A typical sale of a business is not simply facilitated by a business broker or M&A advisor. “As a matter of fact, a successful transfer is always a team approach” says Achim Neumann, President, A Neumann & Associates, LLC, a leading New Jersey-based mergers & acquisitions and business brokerage firm, “and a well-functioning interaction between the three professions will guarantee the best outcome for all parties involved.”
Unfortunately, realities are often different.
With the M&A advisor having facilitated the introduction between buyer and seller, this professional also has typically the best personal relationships to both parties – quite different than the attorneys or CPAs who only join the transfer process in a later stage and can only converse with their respective principal on the buy or sell side. Quite often this ends in ‘political jockeying’ by the principal advisors, often resulting in sub-par advice to execute a transaction – one of the worst examples being an attorney generating $100,000+ billing for a small transaction of $2m.
All too often, sellers will follow their comfort level and simply rely on a legal buddy when choosing legal support —for example, someone who has bailed them out of a divorce or a recent traffic ticket—to help them with the sale of their business. Unfortunately, such an attorney is often highly incompetent. Within the seller’s preparatory context, it is very important that the owner selects a qualified transaction attorney well ahead of any contemplated transaction, preferably right after the valuation is received and the decision to move forward with a sale of the business is made. Certainly, such early consultation will result in some expenses, but this step will pay off handsomely in the end.
The focus here must be on the transaction, not on attorney. Like any other field, the legal profession is highly specialized, and for example, the seller will derive little benefit of hiring a former county prosecutor representing him or her in a $10 million business sale. Such an attorney will know very little about commercial business transactions and will therefore either slow down the process or completely kill the deal.
By far the most toxic combination for any deal is a seller who refers all questions to an attorney, especially, if that attorney perceives as being hired to focus solely on protecting the client and not to move towards a deal closing. In this type of situation, a deal will never be closed. The attorney will always find yet another aspect to be secured in a deal—all along generating more legal fees—in a never-ending negotiation attempt.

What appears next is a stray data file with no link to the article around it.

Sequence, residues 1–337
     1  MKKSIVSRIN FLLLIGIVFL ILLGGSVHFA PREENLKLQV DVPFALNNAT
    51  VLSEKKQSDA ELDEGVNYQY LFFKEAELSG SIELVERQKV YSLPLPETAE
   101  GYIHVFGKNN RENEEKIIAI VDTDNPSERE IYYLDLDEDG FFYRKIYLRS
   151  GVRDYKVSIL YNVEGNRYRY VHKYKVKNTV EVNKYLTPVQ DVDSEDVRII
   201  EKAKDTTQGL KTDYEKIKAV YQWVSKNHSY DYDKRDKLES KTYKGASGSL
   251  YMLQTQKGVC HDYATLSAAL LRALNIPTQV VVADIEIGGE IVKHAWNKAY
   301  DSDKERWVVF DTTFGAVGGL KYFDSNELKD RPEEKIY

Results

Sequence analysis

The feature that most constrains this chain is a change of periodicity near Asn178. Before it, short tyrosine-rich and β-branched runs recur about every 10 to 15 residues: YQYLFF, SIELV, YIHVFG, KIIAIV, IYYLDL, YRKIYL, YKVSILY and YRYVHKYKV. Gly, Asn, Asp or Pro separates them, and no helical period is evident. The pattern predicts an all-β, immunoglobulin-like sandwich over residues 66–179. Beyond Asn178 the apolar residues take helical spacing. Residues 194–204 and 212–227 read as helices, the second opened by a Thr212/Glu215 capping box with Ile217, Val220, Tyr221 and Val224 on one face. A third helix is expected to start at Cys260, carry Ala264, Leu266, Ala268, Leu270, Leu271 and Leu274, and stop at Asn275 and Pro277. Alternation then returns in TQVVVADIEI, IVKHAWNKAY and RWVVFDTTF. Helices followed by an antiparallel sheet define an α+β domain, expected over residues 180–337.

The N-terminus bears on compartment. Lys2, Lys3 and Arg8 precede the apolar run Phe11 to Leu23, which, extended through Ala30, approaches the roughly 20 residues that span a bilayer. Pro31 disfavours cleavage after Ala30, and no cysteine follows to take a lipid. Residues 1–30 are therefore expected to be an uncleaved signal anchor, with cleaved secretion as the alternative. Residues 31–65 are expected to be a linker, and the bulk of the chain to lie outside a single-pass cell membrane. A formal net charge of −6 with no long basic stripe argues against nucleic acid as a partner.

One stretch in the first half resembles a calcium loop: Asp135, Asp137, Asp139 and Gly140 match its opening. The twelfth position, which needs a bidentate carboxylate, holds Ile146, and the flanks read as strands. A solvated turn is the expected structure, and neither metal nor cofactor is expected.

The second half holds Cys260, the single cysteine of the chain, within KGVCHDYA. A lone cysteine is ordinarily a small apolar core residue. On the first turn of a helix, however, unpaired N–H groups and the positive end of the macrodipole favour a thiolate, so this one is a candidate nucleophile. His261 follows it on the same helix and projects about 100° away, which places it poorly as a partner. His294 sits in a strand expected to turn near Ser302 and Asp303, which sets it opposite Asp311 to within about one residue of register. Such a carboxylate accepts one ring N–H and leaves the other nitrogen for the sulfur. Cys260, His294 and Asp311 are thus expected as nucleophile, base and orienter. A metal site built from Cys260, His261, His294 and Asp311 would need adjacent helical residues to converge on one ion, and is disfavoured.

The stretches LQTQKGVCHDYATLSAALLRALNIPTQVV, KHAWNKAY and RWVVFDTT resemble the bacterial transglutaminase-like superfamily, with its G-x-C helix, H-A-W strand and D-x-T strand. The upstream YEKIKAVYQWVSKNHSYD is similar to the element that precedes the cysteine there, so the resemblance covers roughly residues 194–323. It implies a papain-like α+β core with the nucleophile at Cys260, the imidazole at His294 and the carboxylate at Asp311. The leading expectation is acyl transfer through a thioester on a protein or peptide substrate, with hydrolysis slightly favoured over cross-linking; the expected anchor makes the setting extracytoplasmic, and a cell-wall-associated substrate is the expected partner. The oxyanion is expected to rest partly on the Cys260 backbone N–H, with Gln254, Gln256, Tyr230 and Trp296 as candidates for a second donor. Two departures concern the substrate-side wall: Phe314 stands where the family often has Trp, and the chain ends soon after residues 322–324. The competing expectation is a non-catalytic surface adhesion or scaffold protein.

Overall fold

Similar challenges exist for recruiting tax advice. The business’ current CPA is well aware that after the closing of the transaction, her/his services are no further needed as in all likelihood the buyers will bring in their own accounting team. Thus, the implication is that – at times – a considerable revenue stream for the CPA firm will no further exist. No question, some CPAs will tend to ‘prolong’ the negotiations or in a few scenarios, even attempt to undermine the transfer.
In sum, within the context of selecting the right advisors, a seller (or buyer) must ensure to take an active role in all aspects of the transfer. The objectives of a legal or tax advisor are not always completely aligned with the objectives of the principals and ignoring these facts can have a devastating outcome – despite all intentions and motivations to close a deal.
# # #
[The blog contains excerpts out of the recently published book “ The Road Beyond – What Nobody Tells You About Selling a Midsized Business by Achim Neumann]
About A Neumann & Associates, LLC
A Neumann & Associates, LLC is a professional mergers & acquisitions and business broker firm having assisted business owners and buyers in the business valuation and business transfer process through its affiliations for the past 30 years. With an A+ Better Business Bureau rating and over 5,000 valuations performed through its affiliation, the company has senior trusted professionals with a deep knowledge base in multiple field offices in Connecticut, New York, New Jersey, Pennsylvania, Delaware, Maryland, DC, Virginia and North Carolina. The firm’s competitive fees are based on successfully completing